Bright Colours, Asymmetry and Hierarchy

When describing the desired logo for a new brand, the expectations can be overshadowed by stereotypes. Just like the ideas we are sure of when choosing clothes for an event that we want to attract attention, there are ideas that are always thought to work for branding materials that will attract people's attention: bright colours, symmetrical elements, a bit bigger texts. .. Balance is not symmetry. Balance is harmony: with the message, and with the story. The hierarchy between colour palettes, templates with asymmetry and visual elements that we see in current examples is the expression of this functional design approach.


One of the leading examples of the idea ​that functionalization of colour: La Prose du Transsibérien, an experimental poem text created by folding a 1.5 meter paper strip. It is written by Blaise Cendrars and is visualized by Sonia Delaunay. Each string was printed in different colours according to its content, so they changed from one colour to another according to the meaning. This study is one of the first examples of colour gaining function and it is possible to see the reflections of this new approach to colour in current graphic works. In contemporary designs where colour functions, the only thing desired is not colour harmony, it is to ensure the transmission of the message by creating a controlled contrast.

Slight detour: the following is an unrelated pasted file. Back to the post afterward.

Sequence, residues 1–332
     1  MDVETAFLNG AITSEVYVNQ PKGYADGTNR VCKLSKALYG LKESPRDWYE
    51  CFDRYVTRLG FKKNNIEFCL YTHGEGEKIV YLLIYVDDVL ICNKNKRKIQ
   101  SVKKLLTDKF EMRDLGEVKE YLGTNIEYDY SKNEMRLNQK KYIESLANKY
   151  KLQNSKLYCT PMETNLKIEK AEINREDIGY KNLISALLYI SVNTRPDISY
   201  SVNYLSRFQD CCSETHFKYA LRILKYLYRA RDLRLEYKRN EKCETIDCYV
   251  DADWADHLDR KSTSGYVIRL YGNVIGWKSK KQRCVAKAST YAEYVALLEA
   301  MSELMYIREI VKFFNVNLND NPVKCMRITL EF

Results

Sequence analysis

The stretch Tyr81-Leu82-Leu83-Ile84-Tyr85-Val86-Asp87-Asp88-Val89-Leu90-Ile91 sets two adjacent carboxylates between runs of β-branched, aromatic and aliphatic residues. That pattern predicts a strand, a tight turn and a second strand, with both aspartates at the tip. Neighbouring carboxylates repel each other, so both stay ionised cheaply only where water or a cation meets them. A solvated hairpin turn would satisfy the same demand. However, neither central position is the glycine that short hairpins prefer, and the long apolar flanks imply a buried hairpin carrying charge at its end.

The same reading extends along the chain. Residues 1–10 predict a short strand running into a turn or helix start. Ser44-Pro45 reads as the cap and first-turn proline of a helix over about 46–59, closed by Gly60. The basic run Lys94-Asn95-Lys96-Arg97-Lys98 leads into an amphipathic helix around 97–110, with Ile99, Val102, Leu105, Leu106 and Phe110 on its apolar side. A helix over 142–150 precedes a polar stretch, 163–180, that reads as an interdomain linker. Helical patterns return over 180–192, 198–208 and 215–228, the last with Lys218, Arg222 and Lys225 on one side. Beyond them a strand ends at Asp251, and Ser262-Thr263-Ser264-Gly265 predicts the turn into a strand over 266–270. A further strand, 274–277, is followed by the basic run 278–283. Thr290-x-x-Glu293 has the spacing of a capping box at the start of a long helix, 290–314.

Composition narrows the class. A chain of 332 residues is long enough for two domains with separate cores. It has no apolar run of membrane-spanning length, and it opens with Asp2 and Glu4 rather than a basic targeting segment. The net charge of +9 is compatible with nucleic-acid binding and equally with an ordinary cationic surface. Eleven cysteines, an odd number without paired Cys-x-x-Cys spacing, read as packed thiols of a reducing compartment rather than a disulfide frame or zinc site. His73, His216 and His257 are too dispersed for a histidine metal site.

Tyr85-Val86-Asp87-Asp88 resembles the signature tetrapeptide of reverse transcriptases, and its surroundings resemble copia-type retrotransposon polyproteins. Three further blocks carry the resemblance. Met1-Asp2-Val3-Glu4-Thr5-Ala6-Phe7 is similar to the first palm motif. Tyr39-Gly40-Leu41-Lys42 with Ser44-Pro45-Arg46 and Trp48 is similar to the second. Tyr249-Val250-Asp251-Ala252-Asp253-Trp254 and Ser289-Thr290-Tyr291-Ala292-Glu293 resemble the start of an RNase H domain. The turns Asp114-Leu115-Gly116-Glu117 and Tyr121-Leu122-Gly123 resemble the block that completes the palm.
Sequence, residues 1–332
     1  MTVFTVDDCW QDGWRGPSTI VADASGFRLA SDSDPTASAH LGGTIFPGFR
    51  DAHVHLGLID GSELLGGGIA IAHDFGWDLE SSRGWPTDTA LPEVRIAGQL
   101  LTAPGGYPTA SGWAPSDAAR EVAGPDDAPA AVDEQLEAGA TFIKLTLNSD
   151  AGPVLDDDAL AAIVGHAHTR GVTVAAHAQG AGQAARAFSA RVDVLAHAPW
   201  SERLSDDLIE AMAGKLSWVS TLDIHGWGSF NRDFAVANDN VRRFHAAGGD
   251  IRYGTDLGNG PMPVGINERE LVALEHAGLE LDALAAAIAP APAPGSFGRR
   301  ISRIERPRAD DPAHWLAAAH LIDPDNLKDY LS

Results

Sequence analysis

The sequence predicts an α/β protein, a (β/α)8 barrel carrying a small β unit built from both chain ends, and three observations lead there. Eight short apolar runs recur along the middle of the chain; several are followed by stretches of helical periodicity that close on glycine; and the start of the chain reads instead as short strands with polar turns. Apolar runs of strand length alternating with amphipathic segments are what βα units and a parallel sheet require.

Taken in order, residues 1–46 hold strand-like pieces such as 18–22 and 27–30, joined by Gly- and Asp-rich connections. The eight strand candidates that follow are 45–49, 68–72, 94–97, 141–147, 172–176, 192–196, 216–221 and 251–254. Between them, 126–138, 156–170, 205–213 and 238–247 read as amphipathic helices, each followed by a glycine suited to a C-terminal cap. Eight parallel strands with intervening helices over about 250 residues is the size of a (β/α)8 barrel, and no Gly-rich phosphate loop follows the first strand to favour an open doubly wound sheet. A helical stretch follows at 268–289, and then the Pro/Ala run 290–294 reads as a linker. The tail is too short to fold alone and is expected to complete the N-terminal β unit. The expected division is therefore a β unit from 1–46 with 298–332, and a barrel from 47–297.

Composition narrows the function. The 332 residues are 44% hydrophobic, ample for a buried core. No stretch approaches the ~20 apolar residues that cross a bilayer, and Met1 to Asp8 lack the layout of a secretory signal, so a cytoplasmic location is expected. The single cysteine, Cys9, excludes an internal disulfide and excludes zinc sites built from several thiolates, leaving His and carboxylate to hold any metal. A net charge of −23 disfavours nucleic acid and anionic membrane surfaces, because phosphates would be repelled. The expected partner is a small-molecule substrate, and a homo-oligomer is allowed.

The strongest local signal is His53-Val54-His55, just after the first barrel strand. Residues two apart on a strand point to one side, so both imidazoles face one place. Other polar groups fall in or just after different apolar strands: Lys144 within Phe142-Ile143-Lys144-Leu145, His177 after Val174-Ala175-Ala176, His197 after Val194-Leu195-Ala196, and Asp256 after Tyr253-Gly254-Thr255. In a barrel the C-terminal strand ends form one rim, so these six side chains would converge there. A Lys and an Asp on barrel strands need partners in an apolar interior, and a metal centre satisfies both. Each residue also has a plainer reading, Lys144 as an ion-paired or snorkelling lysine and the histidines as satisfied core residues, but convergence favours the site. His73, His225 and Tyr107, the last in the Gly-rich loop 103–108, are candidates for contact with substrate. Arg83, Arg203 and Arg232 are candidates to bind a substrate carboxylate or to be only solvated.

Sonia Delaunay ve Blaise Cendrars, La Prose du Transsibérien


One of the innovative methods arising from the idea of ​​creating functional balance is to replace the usual central page layout with functional asymmetry. The old typography's idea of ​​placing all the elements along a central axis ignores the issue of the message being delivered correctly while arbitrarily separating the main elements. It does not focus on the return, in other words, it has more aesthetic concern than message concern. The use of asymmetrical page layout and subsequent use of standardized grid systems in page layout was an innovative method developed by New Typography to direct the attention of the design audience to the right spot, and today it is a step for designers to make free, original and innovative experiments in the field of visual communication.



Jan Tschichold, New Typography (1928) Propositions on how to design an accurate visual experience using asymmetry and hierarchy.



Hierarchy ensures that all these elements I have mentioned work in harmony. The hierarchy between texts and images is one of the most effective ways to manage the audience's attention. The hierarchy, which is created among many variables such as colour, size and opacity, ensures that each element does its task correctly. The logical order that required the use of different letter sizes and balanced the visual and text was aimlessly distorted for the sake of appearance. In addition to using asymmetry, a properly functioning message channel is formed when the element that is desired to be highlighted becomes a dominant element by considering harmony.